Some financial decisions don't come easy, including filing for bankruptcy. Sometimes, the people who benefit the most from bankruptcy are afraid to file because of the length of time that a bankruptcy stays on your credit report. In some situations, even your best intentions to avoid bankruptcy won't keep you out of it, though. Believe it or not, one of your creditors may decide to force you to file bankruptcy. This process is known as involuntary bankruptcy, and it's in your best interest to understand the basics – especially if you're in a financial bind.
Why Would Creditors Force You to File?
When it becomes apparent to your creditors that you are overextended and unable to meet your obligations, their primary concern is going to be recovering as much on your account as possible. Filing an involuntary bankruptcy case can help them do that. The bankruptcy process ensures creditors that they will receive something from the settlement, because you don't get to be selective about who you pay through the process.
Another benefit of an involuntary bankruptcy process for creditors is the fact that filing the case automatically means that you're required to stop using all of your assets. This means that your bank accounts will be frozen as part of your liquidated assets. The more assets there are to liquidate, the more money each creditor will receive. If a creditor is concerned that you might reduce your assets or spend your savings before you file for bankruptcy, this is one way to prevent that.
Who is Protected from Involuntary Bankruptcy?
Certain people and businesses are protected from an involuntary bankruptcy filing. If you own a non-profit, insurance company, farm, credit union or bank, your business is protected from involuntary bankruptcy.
What Happens if You Have Multiple Creditors?
If you owe multiple creditors, there are some specific guidelines that may apply. For example, if you owe many creditors, several of them have to agree to participate. Additionally, every creditor involved must prove that you are past due and not making regular payments.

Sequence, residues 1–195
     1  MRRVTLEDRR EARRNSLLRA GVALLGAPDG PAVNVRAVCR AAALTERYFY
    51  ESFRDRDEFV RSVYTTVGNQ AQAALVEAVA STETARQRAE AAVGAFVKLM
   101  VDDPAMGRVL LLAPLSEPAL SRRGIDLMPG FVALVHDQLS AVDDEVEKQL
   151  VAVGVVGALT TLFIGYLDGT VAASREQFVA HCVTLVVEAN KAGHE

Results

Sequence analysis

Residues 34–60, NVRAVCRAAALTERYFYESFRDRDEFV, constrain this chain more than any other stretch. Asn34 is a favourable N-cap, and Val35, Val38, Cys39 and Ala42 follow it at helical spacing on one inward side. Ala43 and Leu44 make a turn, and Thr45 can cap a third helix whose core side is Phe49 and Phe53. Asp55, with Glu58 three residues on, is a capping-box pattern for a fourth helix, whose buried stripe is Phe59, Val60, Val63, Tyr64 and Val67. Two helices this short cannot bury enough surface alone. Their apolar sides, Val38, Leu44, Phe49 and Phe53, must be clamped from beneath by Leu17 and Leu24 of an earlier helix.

How Do You Avoid Involuntary Bankruptcy?
Just because your creditors have filed for involuntary bankruptcy against you, that doesn't mean that you have to accept the petition and agree to the bankruptcy. You'll be given a specific rebuttal period in which to file an objection. The period varies from court to court, so read your paperwork carefully to see what your courts permit. Objecting to an involuntary bankruptcy petition will allow you to present your side of the case to a judge, who will be responsible for determining if you should file or not.
What Kind of Defense Can You Claim?
After you file your objection, you'll be given a court date. You must appear on that date to present your case. Your bankruptcy attorney can help you build a case that might allow you to avoid the bankruptcy. If you can prove that the balance your creditor is demanding is incorrect, this mistake in the petition may be enough to get the case dismissed.
You might also be able to get a dismissal if you can show documentation of timely payments or evidence that you don't have the resources to make those payments on time. Finally, if you have any evidence that the creditor who started the process is doing so in an effort to take control of your business or is otherwise manipulating the situation to his or her own benefit, this can be cause for dismissal as well.
Involuntary bankruptcy is a serious and complex legal process. If one of your creditors has initiated proceedings, it's best to call an attorney who can help you navigate the system. For more information on how a lawyer can assist you through the bankruptcy process, click this link.